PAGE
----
The helmet arrives. I’ll become familiar with its name: CPAP. It’s a transparent plastic affair, a kind of ball you put your head into, somewhere between a hair dryer and a diving bell. As with every beautiful thing, it has its defects. Like spending hours and hours inside it (up to 20 each day, at the beginning), that it’s hard to bear with a high fever (hot air circulates around you), and it’s extremely noisy (like a plane with bad soundproofing), an issue brilliantly resolved with earplugs or earbuds for music. Like an astronaut inside their space suit with all the attendant consequences for satisfying their bodily needs. With Alberto, my roommate and companion in the adventure, we say at the beginning of every cycle that we are taking off on a plane flight. We circle the whole world, length and breadth.
But alongside the virtual travel, I need to say something about the mental voyages the condition of disease—this disease—activates. The first day, the doctor I speak to on the phone warns me that the collateral effects of the therapies might include delirium, hallucination, and states of confusion. Fever and fear factor, too. I’m sure of it.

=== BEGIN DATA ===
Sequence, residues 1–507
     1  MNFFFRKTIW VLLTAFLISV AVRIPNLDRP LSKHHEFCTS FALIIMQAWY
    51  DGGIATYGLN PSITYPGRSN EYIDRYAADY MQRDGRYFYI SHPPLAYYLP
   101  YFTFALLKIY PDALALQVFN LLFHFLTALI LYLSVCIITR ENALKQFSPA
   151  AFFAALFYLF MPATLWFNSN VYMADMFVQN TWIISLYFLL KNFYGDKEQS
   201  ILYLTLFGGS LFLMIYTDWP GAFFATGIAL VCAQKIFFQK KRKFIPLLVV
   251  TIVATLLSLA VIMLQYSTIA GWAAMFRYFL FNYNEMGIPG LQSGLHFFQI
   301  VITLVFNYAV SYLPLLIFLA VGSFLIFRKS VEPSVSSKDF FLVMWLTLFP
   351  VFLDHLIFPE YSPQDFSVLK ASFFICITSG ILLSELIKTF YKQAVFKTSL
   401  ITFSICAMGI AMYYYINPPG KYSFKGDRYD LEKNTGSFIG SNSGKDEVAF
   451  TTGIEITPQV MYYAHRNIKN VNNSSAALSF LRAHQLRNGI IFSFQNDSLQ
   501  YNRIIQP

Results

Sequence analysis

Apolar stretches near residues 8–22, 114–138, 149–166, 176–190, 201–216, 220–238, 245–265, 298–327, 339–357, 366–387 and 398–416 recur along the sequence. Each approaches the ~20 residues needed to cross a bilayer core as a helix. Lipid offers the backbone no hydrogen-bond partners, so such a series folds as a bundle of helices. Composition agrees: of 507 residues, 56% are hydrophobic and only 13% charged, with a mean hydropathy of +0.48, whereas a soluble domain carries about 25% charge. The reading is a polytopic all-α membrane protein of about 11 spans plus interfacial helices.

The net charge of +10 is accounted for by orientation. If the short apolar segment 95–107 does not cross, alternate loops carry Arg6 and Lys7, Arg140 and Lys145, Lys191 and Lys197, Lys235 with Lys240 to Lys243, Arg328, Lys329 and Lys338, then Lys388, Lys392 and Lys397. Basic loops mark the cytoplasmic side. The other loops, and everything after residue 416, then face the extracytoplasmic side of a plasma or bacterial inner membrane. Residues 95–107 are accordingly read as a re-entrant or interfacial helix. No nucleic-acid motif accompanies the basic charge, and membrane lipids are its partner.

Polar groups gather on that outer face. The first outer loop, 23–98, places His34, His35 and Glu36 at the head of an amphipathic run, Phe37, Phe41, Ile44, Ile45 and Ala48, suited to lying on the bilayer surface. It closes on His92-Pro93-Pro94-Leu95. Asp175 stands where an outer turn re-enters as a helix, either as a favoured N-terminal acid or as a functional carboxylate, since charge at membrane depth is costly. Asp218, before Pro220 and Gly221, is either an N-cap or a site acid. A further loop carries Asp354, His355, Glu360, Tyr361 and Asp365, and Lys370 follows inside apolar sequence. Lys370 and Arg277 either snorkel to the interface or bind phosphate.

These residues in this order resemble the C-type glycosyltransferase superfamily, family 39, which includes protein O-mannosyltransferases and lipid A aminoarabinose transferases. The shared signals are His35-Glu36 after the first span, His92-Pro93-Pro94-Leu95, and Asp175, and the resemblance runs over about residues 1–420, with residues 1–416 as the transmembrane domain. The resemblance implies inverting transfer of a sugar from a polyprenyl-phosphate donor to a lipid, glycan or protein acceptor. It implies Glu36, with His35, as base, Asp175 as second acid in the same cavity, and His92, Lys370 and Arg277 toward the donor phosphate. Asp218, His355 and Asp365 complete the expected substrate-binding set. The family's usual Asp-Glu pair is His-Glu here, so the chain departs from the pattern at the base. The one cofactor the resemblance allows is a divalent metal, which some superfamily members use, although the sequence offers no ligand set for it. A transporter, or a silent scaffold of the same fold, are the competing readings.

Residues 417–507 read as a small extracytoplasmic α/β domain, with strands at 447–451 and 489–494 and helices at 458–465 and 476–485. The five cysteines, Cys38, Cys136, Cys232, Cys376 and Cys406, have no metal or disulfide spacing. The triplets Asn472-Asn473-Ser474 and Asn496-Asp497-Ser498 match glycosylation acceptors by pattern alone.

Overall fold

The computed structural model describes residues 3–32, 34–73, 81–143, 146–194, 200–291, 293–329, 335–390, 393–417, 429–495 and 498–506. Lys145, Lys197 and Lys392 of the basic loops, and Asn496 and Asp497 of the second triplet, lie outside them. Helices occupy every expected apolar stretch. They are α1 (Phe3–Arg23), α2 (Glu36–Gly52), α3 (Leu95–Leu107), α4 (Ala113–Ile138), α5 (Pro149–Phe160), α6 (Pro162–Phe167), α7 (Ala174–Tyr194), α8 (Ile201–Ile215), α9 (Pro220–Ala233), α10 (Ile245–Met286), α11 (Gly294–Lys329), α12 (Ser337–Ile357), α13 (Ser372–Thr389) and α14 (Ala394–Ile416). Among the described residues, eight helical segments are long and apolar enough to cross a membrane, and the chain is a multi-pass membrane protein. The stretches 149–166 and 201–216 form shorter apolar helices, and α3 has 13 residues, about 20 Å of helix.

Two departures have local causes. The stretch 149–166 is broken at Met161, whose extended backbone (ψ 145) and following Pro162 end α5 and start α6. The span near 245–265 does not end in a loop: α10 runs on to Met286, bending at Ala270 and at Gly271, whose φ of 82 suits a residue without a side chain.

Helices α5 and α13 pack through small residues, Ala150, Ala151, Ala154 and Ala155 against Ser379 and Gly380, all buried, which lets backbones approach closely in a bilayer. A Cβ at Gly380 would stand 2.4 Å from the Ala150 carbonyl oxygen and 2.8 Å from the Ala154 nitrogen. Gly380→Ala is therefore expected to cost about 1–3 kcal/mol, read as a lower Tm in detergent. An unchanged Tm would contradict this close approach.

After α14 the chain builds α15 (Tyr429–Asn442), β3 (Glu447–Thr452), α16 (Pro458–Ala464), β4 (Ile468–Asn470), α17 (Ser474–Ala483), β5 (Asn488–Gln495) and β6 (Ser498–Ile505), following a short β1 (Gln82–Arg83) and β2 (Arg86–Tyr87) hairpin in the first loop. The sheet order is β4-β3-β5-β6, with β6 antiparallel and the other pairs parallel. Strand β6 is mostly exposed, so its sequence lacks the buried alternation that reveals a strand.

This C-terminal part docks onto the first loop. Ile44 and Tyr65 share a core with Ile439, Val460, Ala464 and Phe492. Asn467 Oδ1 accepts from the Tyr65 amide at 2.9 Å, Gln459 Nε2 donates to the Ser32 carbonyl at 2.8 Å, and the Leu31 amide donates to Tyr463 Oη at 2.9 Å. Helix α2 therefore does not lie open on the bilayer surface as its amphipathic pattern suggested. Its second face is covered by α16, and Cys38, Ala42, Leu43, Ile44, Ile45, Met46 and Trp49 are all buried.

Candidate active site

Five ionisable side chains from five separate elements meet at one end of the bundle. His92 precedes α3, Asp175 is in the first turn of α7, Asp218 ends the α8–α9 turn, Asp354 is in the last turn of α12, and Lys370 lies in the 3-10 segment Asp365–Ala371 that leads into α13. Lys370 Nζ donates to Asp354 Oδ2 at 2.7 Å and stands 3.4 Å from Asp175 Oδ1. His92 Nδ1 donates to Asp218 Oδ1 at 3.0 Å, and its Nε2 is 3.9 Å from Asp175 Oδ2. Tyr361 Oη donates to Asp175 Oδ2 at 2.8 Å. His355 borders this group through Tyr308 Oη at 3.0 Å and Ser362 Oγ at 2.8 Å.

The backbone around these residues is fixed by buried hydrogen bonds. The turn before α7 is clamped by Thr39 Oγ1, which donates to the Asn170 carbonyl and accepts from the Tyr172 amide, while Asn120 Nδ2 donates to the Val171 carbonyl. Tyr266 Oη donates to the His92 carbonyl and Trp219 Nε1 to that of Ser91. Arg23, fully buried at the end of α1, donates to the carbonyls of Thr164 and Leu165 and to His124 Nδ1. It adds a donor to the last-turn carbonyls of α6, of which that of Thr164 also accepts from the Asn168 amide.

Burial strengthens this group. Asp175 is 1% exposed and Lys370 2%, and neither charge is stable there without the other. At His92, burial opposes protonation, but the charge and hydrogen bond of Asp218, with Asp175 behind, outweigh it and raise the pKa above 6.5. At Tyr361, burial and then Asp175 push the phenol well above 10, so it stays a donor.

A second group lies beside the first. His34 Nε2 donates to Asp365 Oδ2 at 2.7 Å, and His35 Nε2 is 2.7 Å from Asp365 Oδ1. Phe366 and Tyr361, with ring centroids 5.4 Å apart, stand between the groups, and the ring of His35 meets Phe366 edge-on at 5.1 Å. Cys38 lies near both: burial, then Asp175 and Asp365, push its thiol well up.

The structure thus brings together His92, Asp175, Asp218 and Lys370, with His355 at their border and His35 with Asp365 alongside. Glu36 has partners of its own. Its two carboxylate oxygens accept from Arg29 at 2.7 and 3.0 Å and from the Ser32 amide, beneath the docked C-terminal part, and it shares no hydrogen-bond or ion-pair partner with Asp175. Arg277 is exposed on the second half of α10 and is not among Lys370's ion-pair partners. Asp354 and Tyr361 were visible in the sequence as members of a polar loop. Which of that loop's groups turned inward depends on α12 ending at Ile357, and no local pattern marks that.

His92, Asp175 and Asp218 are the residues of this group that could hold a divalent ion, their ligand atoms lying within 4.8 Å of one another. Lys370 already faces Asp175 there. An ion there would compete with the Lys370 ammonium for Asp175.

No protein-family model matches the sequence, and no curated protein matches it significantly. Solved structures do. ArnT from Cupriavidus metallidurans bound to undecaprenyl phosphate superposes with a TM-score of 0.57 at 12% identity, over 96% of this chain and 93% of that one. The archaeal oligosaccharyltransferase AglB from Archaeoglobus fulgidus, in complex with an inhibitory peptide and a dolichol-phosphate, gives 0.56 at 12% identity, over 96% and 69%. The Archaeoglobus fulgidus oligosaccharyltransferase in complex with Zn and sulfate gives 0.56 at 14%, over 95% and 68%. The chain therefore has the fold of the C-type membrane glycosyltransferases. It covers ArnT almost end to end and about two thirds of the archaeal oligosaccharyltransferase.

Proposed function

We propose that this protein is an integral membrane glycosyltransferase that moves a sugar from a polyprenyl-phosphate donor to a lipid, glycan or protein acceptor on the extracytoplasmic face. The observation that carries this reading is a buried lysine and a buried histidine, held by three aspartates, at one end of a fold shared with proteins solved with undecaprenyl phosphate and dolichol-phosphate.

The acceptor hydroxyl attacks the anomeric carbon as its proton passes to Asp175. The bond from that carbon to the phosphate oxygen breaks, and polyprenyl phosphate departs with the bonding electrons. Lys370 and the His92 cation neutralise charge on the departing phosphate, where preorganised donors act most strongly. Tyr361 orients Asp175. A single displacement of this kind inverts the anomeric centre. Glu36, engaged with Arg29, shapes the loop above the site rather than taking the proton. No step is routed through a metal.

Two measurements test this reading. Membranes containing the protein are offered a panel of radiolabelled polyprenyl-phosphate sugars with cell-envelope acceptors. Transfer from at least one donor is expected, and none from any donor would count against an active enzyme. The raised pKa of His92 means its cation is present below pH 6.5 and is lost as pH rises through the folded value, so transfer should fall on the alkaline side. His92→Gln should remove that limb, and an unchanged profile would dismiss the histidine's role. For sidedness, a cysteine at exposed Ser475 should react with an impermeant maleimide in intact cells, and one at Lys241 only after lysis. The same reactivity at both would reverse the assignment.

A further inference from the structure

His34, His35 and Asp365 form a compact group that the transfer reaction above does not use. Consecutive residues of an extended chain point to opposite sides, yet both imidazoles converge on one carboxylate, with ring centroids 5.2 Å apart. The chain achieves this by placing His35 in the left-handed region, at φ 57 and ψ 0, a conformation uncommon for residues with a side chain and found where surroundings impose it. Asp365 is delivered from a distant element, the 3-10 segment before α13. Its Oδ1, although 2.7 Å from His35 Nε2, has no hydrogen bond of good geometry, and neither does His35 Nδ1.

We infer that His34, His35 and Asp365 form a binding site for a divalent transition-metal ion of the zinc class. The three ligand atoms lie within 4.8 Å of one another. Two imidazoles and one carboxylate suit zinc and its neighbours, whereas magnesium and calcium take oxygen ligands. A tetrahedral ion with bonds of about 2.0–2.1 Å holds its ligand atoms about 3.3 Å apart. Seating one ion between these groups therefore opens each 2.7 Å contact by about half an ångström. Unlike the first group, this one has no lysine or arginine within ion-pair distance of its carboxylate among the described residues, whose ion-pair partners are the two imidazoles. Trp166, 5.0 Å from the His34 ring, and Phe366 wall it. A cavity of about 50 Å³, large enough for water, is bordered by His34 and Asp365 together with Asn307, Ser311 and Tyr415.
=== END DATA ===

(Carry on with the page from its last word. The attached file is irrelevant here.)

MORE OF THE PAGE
The central phase of the disease lasts five days, an intense and passionate hand-to-hand combat with Mister Corona. The nights are the worst, between nightmares and thoughts that spin like drills. Once I saw my daughter sitting on a seat at the foot of my bed. She looked at me lovingly. I was critical of her non-presence, but I was glad to see her there. I cherish the memory. Another time I imagined myself on a mountain, in the middle of an extreme climb. I know that in some cases death comes to us because we are so exhausted; we let ourselves go, into the arms of fatigue, wind, cold. I think that at the worst I might have had that opportunity. I try not to let any news reach me, but on the little television in our room we see images of the deaths and tragedy unfolding in Bergamo, my native city. I wonder whether the Bergamaschi might have some genetic fragility that makes them defenseless against the virus. Another time I get upset at the thought of all the things I would still like to do, all the people I would enjoy meeting, all the opportunities to benefit from. And I give in to regret, fearing that I could never have them again.